For sufferers of borderline personality disorder (BPD), understanding more about their disorder may be enough to make it better. A new study has found that BPD patients responded well to a program of psychoeducation, a therapeutic approach that aims to help patients learn about their illnesses and the effects that the illness has on their lives. The findings could be especially beneficial for borderline personality disorder sufferers who live in communities underserved by more traditional mental health providers.
A Different Approach to Therapy
In psychoeducational group therapy programs, participants with similar diagnoses are brought together for sessions run by a leader who presents educational content about their disorder. The goal of the program is to teach participants about the effects of the disorder and help them build coping skills. The group setting surrounds participants with peers who are suffering from the same disorder, and group discussions are usually encouraged.
The advantage of psychoeducational programs is that they’re often feasible even in communities where there is a lack of traditional mental health services. Sessions are often run by mental health professionals, but they may also be led by peers or other community members. Programs are relatively short, and the group setting lowers expenses. All this can make the programs more accessible where resources are scarce.
Psychoeducation has shown to be effective in treating substance abuse. The approach has also been applied to a wide range of mental illnesses and disorders, including depression, social anxiety, and phobias.
BPD Responds to Psychoeducation
In a new study just published in the Journal of Clinical Psychiatry, a group of Italian researchers evaluated the effectiveness of a psychoeducational program for a group of borderline personality disorder patients. The study gathered a group of 96 patients with a borderline personality disorder diagnosis, and 48 of the participants were given a six-session course of psychoeducational group therapy. The other 48 participants were put on a “waitlist” and didn’t receive the therapy. All of the participants received standard, non-intensive treatment for BPD.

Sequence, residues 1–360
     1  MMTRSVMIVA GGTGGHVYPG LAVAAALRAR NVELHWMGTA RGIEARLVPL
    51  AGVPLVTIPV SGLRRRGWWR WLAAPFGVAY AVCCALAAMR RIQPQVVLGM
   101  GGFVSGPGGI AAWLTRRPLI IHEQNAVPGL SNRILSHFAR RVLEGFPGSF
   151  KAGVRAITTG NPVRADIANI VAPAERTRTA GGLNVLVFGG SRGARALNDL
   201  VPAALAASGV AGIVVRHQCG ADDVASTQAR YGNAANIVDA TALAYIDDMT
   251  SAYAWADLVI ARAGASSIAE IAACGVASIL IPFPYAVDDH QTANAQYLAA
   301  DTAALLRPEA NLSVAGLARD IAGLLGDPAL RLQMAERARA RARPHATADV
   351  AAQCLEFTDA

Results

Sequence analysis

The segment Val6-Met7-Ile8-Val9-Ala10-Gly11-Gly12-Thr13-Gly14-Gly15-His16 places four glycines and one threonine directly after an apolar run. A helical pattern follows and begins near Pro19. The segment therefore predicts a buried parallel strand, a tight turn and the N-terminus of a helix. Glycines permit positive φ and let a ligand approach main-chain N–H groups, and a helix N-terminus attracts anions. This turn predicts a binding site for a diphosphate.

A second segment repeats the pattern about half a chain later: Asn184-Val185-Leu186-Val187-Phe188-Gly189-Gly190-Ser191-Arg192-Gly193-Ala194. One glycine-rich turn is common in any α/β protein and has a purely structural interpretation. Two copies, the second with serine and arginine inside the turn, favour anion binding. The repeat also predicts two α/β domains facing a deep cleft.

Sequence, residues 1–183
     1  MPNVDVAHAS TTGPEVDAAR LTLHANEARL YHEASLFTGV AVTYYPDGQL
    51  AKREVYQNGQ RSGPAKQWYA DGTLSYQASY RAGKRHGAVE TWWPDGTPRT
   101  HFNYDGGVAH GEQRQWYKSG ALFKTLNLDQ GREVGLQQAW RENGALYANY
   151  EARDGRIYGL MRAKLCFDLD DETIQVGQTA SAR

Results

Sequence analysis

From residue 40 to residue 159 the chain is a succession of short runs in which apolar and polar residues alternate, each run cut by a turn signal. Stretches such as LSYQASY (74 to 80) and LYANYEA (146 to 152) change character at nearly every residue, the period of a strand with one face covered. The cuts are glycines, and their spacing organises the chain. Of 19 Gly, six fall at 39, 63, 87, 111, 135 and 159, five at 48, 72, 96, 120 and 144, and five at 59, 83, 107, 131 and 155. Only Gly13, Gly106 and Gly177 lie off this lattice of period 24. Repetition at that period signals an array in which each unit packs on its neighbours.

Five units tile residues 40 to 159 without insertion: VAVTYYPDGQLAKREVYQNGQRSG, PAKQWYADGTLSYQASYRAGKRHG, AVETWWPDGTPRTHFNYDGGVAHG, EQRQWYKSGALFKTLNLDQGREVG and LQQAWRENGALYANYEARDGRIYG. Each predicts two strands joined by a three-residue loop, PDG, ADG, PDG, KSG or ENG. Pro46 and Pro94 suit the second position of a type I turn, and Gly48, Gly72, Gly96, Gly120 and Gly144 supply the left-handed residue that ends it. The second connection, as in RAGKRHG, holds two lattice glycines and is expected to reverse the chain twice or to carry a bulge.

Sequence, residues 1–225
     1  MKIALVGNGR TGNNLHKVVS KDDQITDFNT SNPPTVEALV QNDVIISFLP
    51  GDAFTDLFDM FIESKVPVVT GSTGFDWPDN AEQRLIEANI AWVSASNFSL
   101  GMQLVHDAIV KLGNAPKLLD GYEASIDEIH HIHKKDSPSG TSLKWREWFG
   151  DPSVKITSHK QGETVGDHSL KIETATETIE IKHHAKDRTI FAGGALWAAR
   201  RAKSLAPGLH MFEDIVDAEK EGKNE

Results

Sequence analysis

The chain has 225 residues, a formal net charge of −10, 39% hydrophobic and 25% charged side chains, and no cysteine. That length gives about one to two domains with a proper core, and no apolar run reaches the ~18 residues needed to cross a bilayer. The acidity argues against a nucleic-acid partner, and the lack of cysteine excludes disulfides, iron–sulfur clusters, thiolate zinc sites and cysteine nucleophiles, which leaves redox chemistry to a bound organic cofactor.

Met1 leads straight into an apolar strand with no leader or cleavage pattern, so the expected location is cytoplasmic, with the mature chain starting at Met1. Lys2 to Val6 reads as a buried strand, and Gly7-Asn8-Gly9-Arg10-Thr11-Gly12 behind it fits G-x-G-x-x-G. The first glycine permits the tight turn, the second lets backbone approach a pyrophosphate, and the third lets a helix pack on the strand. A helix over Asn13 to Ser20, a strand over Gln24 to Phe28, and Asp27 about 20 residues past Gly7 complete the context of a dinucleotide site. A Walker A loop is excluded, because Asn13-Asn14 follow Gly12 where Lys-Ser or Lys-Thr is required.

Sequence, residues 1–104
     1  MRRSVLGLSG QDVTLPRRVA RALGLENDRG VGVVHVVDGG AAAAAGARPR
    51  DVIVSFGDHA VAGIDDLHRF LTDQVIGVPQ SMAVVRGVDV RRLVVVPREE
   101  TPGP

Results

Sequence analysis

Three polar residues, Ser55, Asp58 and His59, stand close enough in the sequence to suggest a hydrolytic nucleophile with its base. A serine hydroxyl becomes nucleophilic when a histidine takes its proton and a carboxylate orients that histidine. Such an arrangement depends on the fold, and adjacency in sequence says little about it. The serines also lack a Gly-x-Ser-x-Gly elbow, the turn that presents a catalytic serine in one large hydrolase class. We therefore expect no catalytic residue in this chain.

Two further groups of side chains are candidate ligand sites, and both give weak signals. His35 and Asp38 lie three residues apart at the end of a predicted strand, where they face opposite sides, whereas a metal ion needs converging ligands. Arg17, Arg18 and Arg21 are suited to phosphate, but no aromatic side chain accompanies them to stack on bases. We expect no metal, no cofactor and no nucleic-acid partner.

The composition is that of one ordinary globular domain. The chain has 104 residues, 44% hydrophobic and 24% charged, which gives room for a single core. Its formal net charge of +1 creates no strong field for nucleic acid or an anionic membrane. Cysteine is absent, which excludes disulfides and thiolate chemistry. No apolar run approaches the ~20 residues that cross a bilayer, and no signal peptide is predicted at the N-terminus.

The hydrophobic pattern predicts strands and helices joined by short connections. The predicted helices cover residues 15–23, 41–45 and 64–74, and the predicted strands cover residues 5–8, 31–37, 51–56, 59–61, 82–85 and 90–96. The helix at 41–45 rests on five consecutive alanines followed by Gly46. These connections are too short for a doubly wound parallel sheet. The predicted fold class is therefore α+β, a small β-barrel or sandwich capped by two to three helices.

Before the therapy began, participants were assessed on a scale that measured the severity of their borderline personality disorder characteristics. They were assessed again at the end of the therapy program, and yet again two months after the conclusion of the therapy.
The results of the study were dramatic. The participants in the psychoeducation group saw improvement in all areas of the borderline personality disorder assessment, and in most BPD traits, the improvement was greater than that in the control group. Almost half of the psychoeducation group showed substantial improvement in their borderline personality disorder traits (as defined by at least a 50% improvement in their assessment score compared to their baseline assessment). Only 6% of those in the control group showed such marked progress. The improvement remained consistent even at the two-month mark after the end of the program.
New Opportunities for Underserved Communities
The Italian study specifically targeted participants from underserved communities in an attempt to see if psychoeducation is a good alternative where traditional therapies are unavailable. The results are good news for borderline personality disorder patients who are unable to afford individual therapy or who live in places where qualified therapists are in short supply.